by Chuck Cravens
Some very significant events have happened this last month.
Many assume our restoration shop is at the airport but that isn’t the case. It is 8 miles away in an industrial park.
So, along with the usual restoration shop images, we have a section showing the move of the fuselage from the restoration shop out to our hangar at the Bemidji airport on Tuesday, September 13th. The trip on a flat bed was 8.3 miles and took about 30 minutes to complete. It is always fun to watch the faces of other drivers when they see such an unexpected sight as a WWII fighter going by on a flatbed trailer!
A week later the wings arrived from Odegaard Wings, so the time to mate the wings and fuselage couldn’t be too far off.
In fact the reinstallation of the wing was done on Tuesday October 4th, earlier than we expected.
We’ll save those events for later in the update. First we will show some of the fabrication and restoration work that lead up to them.
Mustang coolant header tanks aren’t an easy part to make. They must be made precisely to the original North American drawings and specifications and then be strenuously pressure tested.
The process of stamping an indentation for the crankcase breather clearance into the tank half introduces some distortion. That distortion must be taken out of the tank half before moving on to welding.
Cooling Induction and Exhaust
We’ve seen many pictures of the scoop, doghouse and exit door. That is because an awful lot of work is necessary to complete this complex area on a P-51. The scoop goes on after the wing and fuselage are mated.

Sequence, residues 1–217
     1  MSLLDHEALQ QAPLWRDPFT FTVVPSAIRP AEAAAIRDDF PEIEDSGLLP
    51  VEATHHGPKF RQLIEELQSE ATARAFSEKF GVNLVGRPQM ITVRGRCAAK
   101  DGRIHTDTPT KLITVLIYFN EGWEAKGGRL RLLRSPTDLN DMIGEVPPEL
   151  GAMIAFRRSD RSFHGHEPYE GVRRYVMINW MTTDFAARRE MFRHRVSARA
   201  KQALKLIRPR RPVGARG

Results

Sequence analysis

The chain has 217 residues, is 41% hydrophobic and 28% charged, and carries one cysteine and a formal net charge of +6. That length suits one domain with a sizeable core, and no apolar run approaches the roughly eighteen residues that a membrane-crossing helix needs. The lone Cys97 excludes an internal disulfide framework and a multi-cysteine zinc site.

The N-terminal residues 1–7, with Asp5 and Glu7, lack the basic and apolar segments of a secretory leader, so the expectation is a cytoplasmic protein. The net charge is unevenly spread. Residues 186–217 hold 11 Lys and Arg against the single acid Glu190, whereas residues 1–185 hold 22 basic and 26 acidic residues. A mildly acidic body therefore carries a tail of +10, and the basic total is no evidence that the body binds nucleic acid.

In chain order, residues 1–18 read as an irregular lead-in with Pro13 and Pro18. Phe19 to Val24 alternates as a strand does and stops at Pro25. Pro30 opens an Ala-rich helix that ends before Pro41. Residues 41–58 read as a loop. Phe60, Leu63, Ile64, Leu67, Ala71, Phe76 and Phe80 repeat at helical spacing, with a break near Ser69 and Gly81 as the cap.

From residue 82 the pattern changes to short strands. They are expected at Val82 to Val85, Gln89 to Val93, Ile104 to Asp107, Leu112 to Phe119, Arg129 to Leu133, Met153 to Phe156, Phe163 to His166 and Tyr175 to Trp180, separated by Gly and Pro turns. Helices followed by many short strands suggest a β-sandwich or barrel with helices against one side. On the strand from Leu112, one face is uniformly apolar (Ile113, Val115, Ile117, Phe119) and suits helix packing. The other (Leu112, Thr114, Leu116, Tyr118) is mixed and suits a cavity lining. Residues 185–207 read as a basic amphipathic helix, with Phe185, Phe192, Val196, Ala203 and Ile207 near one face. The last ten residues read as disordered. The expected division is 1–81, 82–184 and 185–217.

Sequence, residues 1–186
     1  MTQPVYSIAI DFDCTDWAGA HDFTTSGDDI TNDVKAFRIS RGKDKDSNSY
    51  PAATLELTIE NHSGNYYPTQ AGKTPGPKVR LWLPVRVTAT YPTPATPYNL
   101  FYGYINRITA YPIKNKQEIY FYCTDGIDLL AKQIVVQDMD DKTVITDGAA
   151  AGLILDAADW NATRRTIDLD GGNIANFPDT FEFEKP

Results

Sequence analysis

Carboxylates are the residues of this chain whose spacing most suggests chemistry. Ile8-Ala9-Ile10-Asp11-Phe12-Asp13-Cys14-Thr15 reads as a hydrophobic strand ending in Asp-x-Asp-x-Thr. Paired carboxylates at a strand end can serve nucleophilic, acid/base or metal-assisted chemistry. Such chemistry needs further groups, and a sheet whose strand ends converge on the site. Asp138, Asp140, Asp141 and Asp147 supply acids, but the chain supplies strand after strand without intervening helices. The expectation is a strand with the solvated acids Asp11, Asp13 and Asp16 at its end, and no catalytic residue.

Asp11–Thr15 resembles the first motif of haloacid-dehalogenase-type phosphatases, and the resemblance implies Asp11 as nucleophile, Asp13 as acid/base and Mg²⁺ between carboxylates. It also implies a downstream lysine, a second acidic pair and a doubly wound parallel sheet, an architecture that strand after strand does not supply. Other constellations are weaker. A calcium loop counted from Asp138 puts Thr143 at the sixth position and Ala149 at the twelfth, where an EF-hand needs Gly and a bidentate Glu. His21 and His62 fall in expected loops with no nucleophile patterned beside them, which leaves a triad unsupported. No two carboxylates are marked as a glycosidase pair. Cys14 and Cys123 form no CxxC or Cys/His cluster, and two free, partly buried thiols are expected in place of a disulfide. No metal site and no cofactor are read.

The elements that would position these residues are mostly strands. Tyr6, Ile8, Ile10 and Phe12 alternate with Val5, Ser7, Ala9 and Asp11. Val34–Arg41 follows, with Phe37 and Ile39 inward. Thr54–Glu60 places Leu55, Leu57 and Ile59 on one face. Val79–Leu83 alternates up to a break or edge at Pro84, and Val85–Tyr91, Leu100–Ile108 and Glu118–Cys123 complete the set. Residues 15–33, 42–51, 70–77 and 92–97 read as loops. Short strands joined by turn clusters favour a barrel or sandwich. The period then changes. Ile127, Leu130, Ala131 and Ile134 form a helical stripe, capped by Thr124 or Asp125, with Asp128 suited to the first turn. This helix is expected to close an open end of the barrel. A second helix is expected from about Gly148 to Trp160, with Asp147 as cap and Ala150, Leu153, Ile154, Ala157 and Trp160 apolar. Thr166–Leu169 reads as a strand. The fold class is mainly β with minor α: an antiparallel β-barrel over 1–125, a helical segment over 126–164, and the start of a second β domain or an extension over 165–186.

Early this month, fabrication and fitting of the final sheet metal skin pieces and finishing the engine systems were the order of the day.
Another job was removing the nickel plating on the prop blades. The supply of P-51 propeller blades is becoming smaller and smaller, so they are difficult to acquire and very expensive. There is an STC ( Supplemental Type Certificate) that allows the use of Grumman Albatross blades on P-51s. Due to the expense and limited availability of P-51 blades, the Red Tail takes advantage of that STC and uses these blades.
One of the more tedious jobs is peeling off the nickel plating on the replacement Grumman Albatross prop blades in preparation for complete overhaul.
This has to be done extremely carefully so as not to damage the blade itself.
Since an Albatross is an amphibian, their prop blades have nickel plating to protect against water erosion. When we use the Albatross blades on a Mustang, we remove the nickel plating. It is a painstaking and long process, but since we aren’t equipped to do it electrochemically, we chip it off by hand.
This is done not only for authenticity, but because the nickel plating can split at the leading edge of the blade. If that happens, all the nickel plating needs to come off anyway. Doing it now may save downtime in the future.
Red Tail Move
As I mentioned in the introduction, an auspicious event happened on Tuesday, September 13th as the Red Tail Mustang left our restoration shop to be moved out to the airport hangar. This signals we are nearing the stage where Tuskegee Airmen will be wearing her wings once again.
She will continue to have work done on the fuselage and tail assemblies as she awaits her wings.
The Red Tail’s Wing Arrives
A week later, on Tuesday September 28th, the wings arrived on another flatbed all the way from Odegaard Wings of Kindred, North Dakota.
B and C models had 4 .50 Caliber Browning M-2 machine guns mounted this way. It caused some feeding issues in heavy maneuvers. The ammo belt had to feed over the top side of the guns and make a sharp turn as it entered the loading port on the side of machine gun’s receiver. The weight of the of the ammo increased with g-forces, resulting in jams and stoppages. In the field this problem was addressed by adding B-26 booster motors to drive the belts.
The real cure came with the 6 gun P-51D and later Mustangs. The guns in those later P-51s were mounted with the sides of the M-2 receivers straight up and down rather than tilted.